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Zimbabwe Commercial Farmers Again Urge Government to Halt Farm Seizures

  • Ntungamili Nkomo

The CFU deplored the government's failure to stop violent farm takeovers, and warned that such disruptions with drought would cut the 2010 maize harvest to 500,000 tonnes against an annual requirement of 1.8 million tonnes

Zimbabwe's Commercial Farmers Union, which represents the relative handful of white farmers who have not been driven from their properties in the name of land reform, again urged the government Monday to halt the latest wave of farm takeovers which it says is inflicting further damage on agriculture.

The CFU in a statement lamented what it termed government’s “failure to stop ongoing violence against farmers.” It warned that drought and the disruptions of farming activity would limit the 2010 maize harvest to some 500,000 tonnes against an annual national requirement of 1.8 million tonnes.

"The CFU deplores the government's failure to stop the ongoing violence against farmers and their workers, and for allowing a handful of thugs to operate with complete impunity," declared the CFU in its statement.

Commercial Farmers Union President Deon Theron told VOA Studio 7 reporter Ntungamili Nkomo that it is high time the national unity government, in which President Robert Mugabe's ZANU-PF and Prime Minister Morgan Tsvangirai's Movement for Democratic Change share power, took a firm stand.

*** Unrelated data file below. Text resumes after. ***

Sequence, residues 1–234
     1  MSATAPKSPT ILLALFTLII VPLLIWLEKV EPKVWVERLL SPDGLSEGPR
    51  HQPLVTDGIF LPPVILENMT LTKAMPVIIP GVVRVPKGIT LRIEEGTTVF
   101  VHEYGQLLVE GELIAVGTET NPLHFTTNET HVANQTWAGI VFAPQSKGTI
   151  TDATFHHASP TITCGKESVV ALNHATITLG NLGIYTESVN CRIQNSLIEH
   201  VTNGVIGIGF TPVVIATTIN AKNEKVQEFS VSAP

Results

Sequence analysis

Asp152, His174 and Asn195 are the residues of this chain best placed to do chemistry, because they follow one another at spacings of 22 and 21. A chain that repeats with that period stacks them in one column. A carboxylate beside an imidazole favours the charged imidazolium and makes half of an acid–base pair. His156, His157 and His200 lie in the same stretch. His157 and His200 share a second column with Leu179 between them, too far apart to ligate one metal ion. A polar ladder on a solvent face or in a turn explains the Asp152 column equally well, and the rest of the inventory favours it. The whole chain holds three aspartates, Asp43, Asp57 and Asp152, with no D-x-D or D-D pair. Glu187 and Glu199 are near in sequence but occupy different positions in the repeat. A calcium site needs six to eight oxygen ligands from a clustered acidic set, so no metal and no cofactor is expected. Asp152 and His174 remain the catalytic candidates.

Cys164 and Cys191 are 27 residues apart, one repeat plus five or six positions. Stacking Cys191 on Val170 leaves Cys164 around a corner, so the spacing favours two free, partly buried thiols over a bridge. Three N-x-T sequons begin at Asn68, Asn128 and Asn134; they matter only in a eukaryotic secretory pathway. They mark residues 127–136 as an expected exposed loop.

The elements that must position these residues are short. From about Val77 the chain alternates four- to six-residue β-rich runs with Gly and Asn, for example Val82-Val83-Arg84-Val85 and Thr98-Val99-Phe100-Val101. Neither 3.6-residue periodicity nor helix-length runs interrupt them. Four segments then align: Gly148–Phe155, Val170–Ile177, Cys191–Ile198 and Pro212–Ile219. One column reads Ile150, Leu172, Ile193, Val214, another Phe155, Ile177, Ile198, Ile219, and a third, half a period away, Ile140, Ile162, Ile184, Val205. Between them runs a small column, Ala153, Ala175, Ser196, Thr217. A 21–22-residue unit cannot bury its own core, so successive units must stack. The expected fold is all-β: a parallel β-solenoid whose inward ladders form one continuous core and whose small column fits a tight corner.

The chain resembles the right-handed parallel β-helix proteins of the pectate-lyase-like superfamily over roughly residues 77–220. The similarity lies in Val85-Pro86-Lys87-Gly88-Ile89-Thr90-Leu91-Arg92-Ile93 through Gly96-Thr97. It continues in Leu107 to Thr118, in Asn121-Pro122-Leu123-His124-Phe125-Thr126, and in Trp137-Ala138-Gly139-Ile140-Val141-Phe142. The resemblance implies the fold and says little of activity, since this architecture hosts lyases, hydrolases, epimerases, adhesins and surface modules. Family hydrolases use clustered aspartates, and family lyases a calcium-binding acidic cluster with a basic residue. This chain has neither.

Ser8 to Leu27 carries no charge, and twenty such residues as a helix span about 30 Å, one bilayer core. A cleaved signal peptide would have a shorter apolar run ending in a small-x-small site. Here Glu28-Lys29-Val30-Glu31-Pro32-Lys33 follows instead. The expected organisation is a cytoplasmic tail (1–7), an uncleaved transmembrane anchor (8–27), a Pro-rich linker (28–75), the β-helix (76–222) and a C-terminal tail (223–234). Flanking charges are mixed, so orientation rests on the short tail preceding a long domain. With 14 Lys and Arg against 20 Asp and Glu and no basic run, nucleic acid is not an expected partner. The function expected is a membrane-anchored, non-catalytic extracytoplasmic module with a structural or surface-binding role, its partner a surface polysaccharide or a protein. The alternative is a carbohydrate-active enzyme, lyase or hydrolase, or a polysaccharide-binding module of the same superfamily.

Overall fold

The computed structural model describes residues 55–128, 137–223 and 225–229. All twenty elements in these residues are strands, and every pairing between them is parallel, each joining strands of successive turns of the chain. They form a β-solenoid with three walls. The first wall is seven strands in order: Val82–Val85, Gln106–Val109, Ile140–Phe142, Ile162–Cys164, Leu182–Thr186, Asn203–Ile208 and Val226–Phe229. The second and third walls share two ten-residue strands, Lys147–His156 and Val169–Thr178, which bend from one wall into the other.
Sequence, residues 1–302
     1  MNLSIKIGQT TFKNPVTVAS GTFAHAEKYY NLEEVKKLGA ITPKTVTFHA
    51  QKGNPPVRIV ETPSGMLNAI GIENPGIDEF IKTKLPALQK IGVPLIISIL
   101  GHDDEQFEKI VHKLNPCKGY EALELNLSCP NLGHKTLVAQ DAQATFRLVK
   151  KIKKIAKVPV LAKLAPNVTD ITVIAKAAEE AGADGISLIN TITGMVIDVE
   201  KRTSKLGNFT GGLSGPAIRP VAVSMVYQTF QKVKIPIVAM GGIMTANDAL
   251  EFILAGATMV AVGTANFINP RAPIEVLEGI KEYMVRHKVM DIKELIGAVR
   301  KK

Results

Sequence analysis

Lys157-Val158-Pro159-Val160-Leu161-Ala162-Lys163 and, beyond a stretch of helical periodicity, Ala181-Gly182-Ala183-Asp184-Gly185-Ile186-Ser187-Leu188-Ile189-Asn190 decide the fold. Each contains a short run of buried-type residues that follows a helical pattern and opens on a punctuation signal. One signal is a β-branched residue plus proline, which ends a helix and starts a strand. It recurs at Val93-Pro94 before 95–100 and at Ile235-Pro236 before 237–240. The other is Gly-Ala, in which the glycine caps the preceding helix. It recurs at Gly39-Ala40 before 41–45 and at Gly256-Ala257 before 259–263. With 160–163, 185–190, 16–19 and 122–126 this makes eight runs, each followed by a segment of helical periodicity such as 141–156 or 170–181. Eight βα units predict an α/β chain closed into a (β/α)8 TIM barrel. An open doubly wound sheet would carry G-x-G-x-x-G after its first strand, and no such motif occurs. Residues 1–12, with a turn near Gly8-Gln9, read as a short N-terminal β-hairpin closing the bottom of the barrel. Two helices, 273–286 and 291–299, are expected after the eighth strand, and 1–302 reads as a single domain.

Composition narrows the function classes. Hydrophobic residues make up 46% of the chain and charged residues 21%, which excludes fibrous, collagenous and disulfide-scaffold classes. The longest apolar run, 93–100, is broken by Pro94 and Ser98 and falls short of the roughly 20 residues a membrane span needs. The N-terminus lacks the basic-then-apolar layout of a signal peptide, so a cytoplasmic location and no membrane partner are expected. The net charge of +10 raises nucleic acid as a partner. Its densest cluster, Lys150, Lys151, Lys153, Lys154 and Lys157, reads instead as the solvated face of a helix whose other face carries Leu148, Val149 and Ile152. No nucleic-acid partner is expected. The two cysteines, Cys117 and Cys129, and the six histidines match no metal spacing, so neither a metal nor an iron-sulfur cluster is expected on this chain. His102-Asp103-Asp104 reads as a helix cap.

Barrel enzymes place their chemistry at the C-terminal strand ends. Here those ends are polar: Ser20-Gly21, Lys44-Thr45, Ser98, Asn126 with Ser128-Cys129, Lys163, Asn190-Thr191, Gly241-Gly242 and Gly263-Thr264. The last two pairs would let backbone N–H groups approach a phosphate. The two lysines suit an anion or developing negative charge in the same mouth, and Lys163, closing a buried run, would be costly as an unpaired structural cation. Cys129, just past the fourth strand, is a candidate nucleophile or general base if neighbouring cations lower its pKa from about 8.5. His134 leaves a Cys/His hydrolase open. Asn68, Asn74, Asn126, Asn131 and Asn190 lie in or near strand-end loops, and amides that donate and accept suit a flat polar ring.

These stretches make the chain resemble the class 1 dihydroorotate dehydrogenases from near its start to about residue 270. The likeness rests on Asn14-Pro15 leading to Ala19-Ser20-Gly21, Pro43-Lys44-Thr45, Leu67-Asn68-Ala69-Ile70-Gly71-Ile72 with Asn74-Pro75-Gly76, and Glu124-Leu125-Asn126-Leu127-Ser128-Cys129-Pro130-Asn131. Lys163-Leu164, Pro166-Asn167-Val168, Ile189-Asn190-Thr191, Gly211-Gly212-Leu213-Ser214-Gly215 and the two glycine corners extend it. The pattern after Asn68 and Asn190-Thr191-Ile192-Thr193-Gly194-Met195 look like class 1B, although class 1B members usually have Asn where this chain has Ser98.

Co-Minister of Home Affairs Giles Mutsekwa of the Tsvangirai MDC grouping said his ministry was doing all it can to stop seizures. However, his co-minister, Kembo Mohadi, is a senior figure in ZANU-PF which has resolved to press on with farm seizures until the last white farmer has been removed.

Independent agricultural consultant Mandla Nkomo said that due to poor rainfall during much of the growing season, some 600,000 to 700,000 tonnes of maize will have to be imported to cover the deficit. The Harare government is conducting an assessment of crop conditions with various partners.

Agriculture Secretary Vincent Gwaradzimba of the Tsvangirai MDC formation offered VOA Studio 7 reporter Patience Rusere a similar assessment.

Meanwhile, a Mutare magistrate on Monday granted bail of US$200 apiece to two white farmers arrested last Thursday in Chipinge for contempt of court for trying to serve a high court ruling on local magistrate Samuel Zuze, who was allocated a farm in Chipinge by the Ministry of Lands and Rural Resettlement in November last year, according to an offer letter seen by VOA.

Trevor Gifford and Dawie Jourbert will be back in court on February 16.

The Commercial Farmers Union said it was "extremely concerned that Magistrate Zuze, who is being accused of grossly exceeding his jurisdiction, is a beneficiary of (Mike) Jahme's farm." Last week Zuze ordered three white farmers to vacate their properties within 24 hours - an order that was stayed 24 hours later by the Harare High Court.

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